designed for the way women work.
We consulted with our friend, horticulturist Ruth Rogers Clausen, about pruning shrubs in the fall.
There are primarily three reasons to prune a shrub:
- To get rid of any dead, damaged, diseased or dying wood (The 4 D’s), or crossing branches
- To shape an overgrown or lobsided shrub
- To encourage more flowering
Fall is a good time to prune away dead, damaged, diseased or dying branches. This will improve the health of the plant, and it can be done anytime of year. The advantage to doing it in the fall is you don’t have to worry about damaging new growth that may be emerging on healthy branches in the spring. In the spring you might accidentally prune out a live branch before it leafs out.
Fall is also a good time to shape a shrub that has become overgrown or lopsided. You can lightly prune your boxwood now.
However, many shrubs should not be pruned in the fall. Many spring flowering shrubs set their buds the previous year, like Korean Spice (Viburnum carlesii), one of my personal favorites because of its extraordinary fragrance. If buds are removed now the plant will not be harmed, but there will be no flowers next spring, which would be a big disappointment. Other shrubs that fall into this category are forsythia, weigela, lilac, some species of rhododendron and azalea, and other spring bloomers whose flowers grow on ‘old wood’ from the previous year.
Some shrubs, including red-osier dogwood (Cornus stolonifera) and bark willow (Salix alba ‘Britensis’), provide colorful stems through the winter, so leave them alone.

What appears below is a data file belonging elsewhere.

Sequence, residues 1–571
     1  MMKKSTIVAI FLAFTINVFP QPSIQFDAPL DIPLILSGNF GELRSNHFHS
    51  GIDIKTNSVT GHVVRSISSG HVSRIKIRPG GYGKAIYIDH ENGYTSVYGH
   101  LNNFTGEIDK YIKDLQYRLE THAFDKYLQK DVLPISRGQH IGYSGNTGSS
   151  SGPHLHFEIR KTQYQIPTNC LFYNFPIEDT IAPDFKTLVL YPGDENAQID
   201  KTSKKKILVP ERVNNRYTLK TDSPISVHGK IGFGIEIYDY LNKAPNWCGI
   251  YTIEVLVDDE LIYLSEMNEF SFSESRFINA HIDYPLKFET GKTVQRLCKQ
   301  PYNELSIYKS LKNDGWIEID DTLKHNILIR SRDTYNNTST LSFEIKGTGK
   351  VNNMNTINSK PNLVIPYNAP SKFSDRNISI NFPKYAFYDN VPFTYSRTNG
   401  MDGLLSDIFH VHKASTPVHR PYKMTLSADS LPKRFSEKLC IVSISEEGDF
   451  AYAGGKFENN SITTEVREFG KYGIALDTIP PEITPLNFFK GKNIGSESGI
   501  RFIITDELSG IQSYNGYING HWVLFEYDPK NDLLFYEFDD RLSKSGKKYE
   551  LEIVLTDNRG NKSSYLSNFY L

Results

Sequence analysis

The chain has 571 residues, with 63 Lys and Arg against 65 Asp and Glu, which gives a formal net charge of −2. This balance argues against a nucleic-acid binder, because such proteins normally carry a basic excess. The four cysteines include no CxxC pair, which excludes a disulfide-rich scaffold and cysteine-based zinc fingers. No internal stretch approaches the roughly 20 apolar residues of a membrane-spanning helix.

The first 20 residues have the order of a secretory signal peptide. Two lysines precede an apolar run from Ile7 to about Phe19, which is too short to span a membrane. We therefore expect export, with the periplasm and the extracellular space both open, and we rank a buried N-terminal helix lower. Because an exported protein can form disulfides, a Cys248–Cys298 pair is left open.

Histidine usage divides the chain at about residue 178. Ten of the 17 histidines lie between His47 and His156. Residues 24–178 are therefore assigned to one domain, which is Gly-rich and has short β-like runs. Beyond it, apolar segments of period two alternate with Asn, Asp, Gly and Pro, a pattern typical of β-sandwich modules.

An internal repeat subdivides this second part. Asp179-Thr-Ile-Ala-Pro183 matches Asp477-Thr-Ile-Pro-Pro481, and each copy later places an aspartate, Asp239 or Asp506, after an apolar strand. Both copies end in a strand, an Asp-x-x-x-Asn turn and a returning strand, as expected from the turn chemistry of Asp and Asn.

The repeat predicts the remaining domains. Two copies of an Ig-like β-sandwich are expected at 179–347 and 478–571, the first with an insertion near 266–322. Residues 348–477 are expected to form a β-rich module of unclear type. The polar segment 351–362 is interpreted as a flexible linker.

Shrubs that bloom on new shoots that grow in the spring should not be pruned in the fall either, but for different reasons. If you prune now you might weaken or shock the plant, and any new growth that occurs between now and winter could be vulnerable to desiccation from cold winter temperatures and wind. Rose bushes and Buddleia davidii are examples of this. Other shrubs that bloom on ‘new wood’ include caryopteris, spirea, callicarpa and holly.
The popular genus of hydrangea has many species, and some bloom on old wood and some on new wood. According to Proven Winners, hydrangeas account for at least half the pruning questions in gardening advice forums. Some hydrangeas bloom on “old wood” while others bloom on “new wood”. Their advice is the following: “Hydrangea macrophylla and Hydrangea serrata, the ones with big blue or pink flowers, and Hydrangea quercifolia, oakleaf hydrangeas, all bloom on old wood. The little pruning they need should be done immediately after flowering. Hydrangea paniculata, which have white, conical flowers, and Hydrangea arborescens, such as ‘Annabelle’, bloom on new wood. They’ll produce better flowers if cut back in late fall or early spring.”